I love the Baseball Hall of Fame. I visited Cooperstown several times, a trip to the Hall of Fame along with Luke spurred the creation of Bleacher Brawls.
The painfully long MLB offseason is at a real lull as January begins. Top tier free agents are usually already signed or dragging the process out to the days before spring training in order to ensure a maximal payday.
The Hall of Fame announcement tends to be the only important baseball news of its day. For this baseball fan, as well as my good friend and fellow Bleacher Brawler, Derrick, it’s an exciting day.
A talking point that I truly enjoy when Hall of Fame season rolls around is the borderline players. Everyone knows when a Derek Jeter, Mariano Rivera, or David Ortiz hits the ballot, their Induction Ceremony is evident.
The more borderline Hall of Fame candidates, that is the real debate. It’s where opinion (and bleacher brawling) comes into play.
I’ve long been a proponent of keeping the voting list maximum at 15 instead of 10. More players means more debate. It’s better for the fans.
Some players deserve to stay on the ballot, even if they are never inducted into the Hall of Fame, their careers were still good enough to elicit debate on whether or not they deserve your vote.
We all know how Hall of Fame voting works. We’ll see vote percentages change over the years as players who remain on the ballot gain or lose votes. Just being able to stay on the ballot, still relevant years after retirement is an honor in itself.
When a player drops off the ballot too soon his career never gets the retrospective attention it deserves. Which is why I hope Bernie Williams gets an opportunity to be presented to the Veterans Committee for the Hall of Fame. Bernie has a unique career and I would imagine many of his peers, those who played against him, would acknowledge that he at least deserves more consideration than he ever received.
Despite having a memorable career in New York, Bernie Williams surprisingly fell off the Hall of Fame ballot after only his second year on the ballot. Why was that?
Bernie Williams was understated which led to him being underrated. Bernie was a quiet and introverted kid when he first signed with the Yankees. A cardinal sin during the reign of The Boss, which is why George loved having so many big personalities on his Yankees teams.
Those 90s – 00s teams that Bernie Williams was a part of were loaded with big stars and big personalities. The quiet Bernie Williams was able to slide under the radar on those teams.
As great as that probably was for the personal mentality of Bernie Williams, it definitely worked against him in terms of recognition. During that period of time when the Yankees won 4 World Series in 5 years, if you asked a fan of a team outside of the AL East to start naming Yankees, how many do they name before they get to Bernie Williams? Never in Yankees history has the clean up hitter of World Series Yankees teams been able to stay low key, out of the spotlight.
Despite being the switch hitting clean up hitter on World Series winning Yankees teams, racking up a batting title along with 4 Gold Gloves, he was barely recognized despite usually being the second best center fielder in the American League.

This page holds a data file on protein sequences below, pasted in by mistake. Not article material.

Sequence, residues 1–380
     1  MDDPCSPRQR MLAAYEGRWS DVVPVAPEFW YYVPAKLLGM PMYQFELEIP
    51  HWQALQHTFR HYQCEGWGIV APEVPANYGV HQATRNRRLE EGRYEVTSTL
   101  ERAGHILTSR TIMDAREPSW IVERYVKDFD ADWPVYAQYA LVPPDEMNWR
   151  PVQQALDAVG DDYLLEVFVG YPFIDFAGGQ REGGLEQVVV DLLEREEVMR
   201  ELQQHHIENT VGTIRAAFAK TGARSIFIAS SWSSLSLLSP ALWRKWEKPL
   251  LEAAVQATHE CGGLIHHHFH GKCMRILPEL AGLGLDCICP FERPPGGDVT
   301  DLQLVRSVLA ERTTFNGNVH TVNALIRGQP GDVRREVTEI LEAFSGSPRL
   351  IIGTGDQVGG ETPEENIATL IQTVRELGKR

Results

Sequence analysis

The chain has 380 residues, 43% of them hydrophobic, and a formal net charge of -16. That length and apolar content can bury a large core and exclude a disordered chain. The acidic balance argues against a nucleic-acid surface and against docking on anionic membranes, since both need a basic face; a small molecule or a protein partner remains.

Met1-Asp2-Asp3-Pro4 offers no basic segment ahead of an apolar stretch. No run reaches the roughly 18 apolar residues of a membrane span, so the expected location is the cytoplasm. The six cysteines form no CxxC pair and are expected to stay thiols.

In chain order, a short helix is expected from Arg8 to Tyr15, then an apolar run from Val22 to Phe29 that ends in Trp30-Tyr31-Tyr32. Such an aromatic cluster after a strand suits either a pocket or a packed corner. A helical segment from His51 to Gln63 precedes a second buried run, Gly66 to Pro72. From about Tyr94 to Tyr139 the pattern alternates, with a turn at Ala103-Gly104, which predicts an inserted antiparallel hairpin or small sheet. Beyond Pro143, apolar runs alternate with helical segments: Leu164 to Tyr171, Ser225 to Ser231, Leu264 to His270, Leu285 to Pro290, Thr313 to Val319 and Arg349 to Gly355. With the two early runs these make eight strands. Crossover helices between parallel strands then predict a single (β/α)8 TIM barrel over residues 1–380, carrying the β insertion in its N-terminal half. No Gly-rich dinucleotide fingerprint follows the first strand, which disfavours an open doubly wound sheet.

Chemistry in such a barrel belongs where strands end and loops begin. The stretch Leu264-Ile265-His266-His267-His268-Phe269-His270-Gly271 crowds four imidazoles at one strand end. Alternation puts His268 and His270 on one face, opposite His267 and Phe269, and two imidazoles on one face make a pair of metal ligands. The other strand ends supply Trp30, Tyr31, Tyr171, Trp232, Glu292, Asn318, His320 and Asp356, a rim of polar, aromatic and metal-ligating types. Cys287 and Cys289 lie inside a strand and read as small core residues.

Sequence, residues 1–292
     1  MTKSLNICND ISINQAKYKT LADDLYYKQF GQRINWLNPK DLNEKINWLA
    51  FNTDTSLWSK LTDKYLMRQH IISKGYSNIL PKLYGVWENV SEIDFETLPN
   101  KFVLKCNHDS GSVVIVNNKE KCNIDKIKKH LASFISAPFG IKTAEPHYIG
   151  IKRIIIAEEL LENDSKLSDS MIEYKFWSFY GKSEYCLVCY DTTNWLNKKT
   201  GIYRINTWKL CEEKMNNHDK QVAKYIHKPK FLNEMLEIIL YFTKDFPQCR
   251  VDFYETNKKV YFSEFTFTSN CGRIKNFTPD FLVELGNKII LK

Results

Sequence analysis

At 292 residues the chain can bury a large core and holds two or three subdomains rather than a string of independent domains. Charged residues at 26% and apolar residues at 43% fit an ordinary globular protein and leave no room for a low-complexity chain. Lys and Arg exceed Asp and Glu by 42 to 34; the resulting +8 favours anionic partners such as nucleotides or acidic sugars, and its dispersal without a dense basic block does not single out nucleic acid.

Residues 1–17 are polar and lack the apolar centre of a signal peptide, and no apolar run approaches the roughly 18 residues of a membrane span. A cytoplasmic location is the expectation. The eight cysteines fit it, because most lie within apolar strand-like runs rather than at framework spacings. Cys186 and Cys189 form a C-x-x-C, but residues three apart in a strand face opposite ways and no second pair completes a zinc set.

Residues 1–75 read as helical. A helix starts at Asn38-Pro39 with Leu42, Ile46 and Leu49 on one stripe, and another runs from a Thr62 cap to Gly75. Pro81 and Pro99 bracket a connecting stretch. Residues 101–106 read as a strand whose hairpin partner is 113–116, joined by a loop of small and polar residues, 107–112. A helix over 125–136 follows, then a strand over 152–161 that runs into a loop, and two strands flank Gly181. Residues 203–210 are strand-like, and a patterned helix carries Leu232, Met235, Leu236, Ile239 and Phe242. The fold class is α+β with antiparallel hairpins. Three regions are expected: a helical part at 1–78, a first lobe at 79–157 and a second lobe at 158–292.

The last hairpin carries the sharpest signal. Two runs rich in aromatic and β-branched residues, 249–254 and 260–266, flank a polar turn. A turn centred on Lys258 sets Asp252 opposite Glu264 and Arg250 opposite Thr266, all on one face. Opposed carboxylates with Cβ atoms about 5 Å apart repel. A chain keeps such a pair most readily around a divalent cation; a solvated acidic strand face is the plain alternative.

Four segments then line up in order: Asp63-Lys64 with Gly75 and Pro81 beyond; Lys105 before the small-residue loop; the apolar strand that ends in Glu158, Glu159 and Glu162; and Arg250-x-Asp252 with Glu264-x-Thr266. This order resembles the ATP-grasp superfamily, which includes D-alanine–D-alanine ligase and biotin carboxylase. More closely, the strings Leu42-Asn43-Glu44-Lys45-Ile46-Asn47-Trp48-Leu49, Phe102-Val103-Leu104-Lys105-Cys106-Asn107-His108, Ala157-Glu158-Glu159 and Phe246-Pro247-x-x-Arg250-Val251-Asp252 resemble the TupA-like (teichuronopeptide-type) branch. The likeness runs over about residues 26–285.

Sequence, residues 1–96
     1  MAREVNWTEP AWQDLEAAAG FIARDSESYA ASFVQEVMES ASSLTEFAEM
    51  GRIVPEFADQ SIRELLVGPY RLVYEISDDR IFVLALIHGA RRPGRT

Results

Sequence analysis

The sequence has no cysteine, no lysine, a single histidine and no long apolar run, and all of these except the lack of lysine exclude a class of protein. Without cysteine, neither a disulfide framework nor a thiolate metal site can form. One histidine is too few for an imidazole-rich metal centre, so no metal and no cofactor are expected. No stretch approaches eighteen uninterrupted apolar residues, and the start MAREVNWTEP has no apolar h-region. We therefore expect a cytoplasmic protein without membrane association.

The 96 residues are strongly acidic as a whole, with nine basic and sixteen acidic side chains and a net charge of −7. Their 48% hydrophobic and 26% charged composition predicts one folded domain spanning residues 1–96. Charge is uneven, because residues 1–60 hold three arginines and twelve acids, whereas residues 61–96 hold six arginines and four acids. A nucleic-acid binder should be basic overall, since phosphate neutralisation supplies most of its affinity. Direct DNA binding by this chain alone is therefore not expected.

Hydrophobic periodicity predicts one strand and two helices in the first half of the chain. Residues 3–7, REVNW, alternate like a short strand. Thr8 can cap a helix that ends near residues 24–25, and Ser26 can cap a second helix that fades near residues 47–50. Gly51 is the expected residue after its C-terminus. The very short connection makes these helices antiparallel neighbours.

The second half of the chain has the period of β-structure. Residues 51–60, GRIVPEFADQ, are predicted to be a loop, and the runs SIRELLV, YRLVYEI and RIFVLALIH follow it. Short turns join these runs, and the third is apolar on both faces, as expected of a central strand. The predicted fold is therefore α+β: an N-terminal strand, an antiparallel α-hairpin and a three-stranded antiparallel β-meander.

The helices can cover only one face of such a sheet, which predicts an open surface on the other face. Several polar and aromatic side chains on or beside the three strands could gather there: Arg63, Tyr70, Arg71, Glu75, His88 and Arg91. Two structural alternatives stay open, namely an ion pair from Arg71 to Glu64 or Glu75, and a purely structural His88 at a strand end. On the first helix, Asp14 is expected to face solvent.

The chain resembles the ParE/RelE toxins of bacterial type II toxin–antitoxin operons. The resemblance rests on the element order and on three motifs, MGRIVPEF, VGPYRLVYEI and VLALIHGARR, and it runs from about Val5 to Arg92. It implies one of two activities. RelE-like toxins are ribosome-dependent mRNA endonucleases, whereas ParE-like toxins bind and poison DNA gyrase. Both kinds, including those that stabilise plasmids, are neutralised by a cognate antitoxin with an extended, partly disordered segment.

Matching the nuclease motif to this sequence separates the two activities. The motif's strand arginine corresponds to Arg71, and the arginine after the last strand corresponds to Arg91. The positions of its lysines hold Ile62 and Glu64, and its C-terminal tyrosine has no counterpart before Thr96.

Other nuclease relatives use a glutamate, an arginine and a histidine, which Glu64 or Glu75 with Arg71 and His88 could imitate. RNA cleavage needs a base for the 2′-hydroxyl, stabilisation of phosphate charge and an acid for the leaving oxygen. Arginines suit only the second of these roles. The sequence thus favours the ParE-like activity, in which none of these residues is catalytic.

There was a period of time when the only better center fielder in baseball was Ken Griffey Jr. However when the playoffs came around, there was usually no better center fielder playing in October than Bernie Williams. He was a solid and reliable post season player. Yes, obviously those Yankees lineups were strong 1 through 9 so he was never expected to be “the guy” but should that be held against him? Had he not been a good post season player, do the Yankees still win all of those World Series?
After Bernie Williams was, for reasons that will never make sense, not offered a contract after the 2006 season, he was clearly missed in 2007. My father and I would watch games and say how much we missed Bernie. Any time a pinch hit situation arose or an OF replacement was needed, we would mention how miss Bernie. A few years later when Joe Torre published his book, he wrote how much he wished the Yankees hung on to Bernie Williams for the 2007 season.
Bernie Williams was the favorite player of a slew of a generation of Yankees fans. Barnes will tell you how his all time favorite player is Bernie Williams. Mainly for all the reasons I’ve mentioned so far.
Growing up, the kids a few years younger than me would trade nearly any baseball card they had for a Bernie Williams card. Sure they were easily hustled but it was because they loved Bernie Williams.
For the record, I was only trading away Bernie Williams duplicate cards. As if you had to ask.
Is Bernie Williams a Hall of Famer? As much as I love Bernie Williams, I realize it’s not a slam dunk. It’s a matter of personal opinion. He was never the greatest player at any one aspect of the game. He was a 5 tool player that was really, really good at all 5 tools. He would get my vote.
If nothing else, Bernie Williams deserves to be in the conversation. I stated above and I stated on our YouTube, part of the fun of the Hall of Fame is the discussion of the borderline cases. I believe in keeping borderline players on the ballot so we can continue to reflect on their careers. Some guys just deserve to be in the conversation.